Florence And The Machine – Dance Fever (Website Exclusive, Limited Edition, Brown Vinyl, Etched Vinyl)

“When I make records, I make them with the idea that no one else will hear them,” Florence Welch says. “When you get to the realization that this private dialogue is going to be completely public, it’s like I’ve tricked myself again.” On her band’s fifth album Dance Fever, such private dialogues include rejecting real love (“Girls Against God”), dance as the greatest form of release (the anxious synth-folk of “Free”), embracing less healthy coping mechanisms in her past (“Morning Elvis”), and the push-pull between a creative career and the possible desire to start a family. “I am no mother, I am no bride, I am king,” Welch declares in baritone on “King,” in which she ponders one of Dance Fever’s most prominent themes: her complicated relationship with her own artistry. “A lot of it is questioning what it gives to me as well, and being like, ‘Why do I need this so much, sometimes at the cost of more sustainable forms of intimacy or more stable relationships?’” she says. “I think this record is questioning, ‘How committed am I to my own loneliness? How committed am I to my sense of a tragic figure?’”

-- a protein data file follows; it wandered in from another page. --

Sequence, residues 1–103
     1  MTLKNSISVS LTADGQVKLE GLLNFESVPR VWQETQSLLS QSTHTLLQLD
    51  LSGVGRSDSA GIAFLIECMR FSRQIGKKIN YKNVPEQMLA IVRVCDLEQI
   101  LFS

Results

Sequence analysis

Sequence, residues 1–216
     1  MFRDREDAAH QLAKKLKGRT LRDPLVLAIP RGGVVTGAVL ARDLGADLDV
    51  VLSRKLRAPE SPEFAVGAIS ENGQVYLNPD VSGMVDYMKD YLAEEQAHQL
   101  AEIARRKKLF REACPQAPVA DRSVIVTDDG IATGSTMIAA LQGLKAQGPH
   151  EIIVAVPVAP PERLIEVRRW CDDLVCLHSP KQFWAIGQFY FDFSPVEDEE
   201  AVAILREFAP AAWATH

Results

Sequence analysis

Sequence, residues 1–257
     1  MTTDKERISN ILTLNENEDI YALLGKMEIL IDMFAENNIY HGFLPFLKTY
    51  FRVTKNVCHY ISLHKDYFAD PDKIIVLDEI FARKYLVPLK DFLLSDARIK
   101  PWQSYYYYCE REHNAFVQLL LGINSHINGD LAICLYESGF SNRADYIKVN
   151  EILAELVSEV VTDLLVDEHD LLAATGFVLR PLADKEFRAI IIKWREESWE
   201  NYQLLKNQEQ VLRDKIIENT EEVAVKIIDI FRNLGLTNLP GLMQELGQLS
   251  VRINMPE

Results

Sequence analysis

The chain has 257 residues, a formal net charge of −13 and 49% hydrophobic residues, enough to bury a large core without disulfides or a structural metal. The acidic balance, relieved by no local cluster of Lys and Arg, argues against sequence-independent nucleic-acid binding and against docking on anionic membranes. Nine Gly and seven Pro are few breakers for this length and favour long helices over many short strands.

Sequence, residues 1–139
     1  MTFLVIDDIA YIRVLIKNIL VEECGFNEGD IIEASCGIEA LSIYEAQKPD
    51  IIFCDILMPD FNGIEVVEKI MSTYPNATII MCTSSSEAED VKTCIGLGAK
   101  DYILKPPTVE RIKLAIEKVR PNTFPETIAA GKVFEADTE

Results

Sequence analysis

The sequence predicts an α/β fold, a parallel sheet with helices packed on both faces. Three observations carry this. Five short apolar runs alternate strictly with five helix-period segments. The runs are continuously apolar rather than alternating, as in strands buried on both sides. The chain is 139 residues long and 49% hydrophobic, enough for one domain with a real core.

Work on the album had begun alongside producer Jack Antonoff in New York in early 2020 before the pandemic forced Welch back to London, where her creativity was stifled for six long months. Dance Fever, then, also covers writer’s block (the cathartic “My Love,” a track intended to help shake off Welch’s blues, and our own) and her despair of what was lost in a locked-down world. Her lyrics occasionally poke fun at the image she has created of herself (“I think there’s a humor also in self-knowledge that runs through this record that I’ve actually found really liberating,” says Welch), but they are often as strikingly vulnerable as on 2018’s High as Hope. And even if the singer admits on “King” that she is “never satisfied,” her band’s fifth album has brought her rare peace. “I feel like I managed to take everything that I learned in the last 15 years and consolidate it into this record, into this art, into the videos,” she says. “I felt like, if I had to prove something to myself, somehow I did it on this record.”

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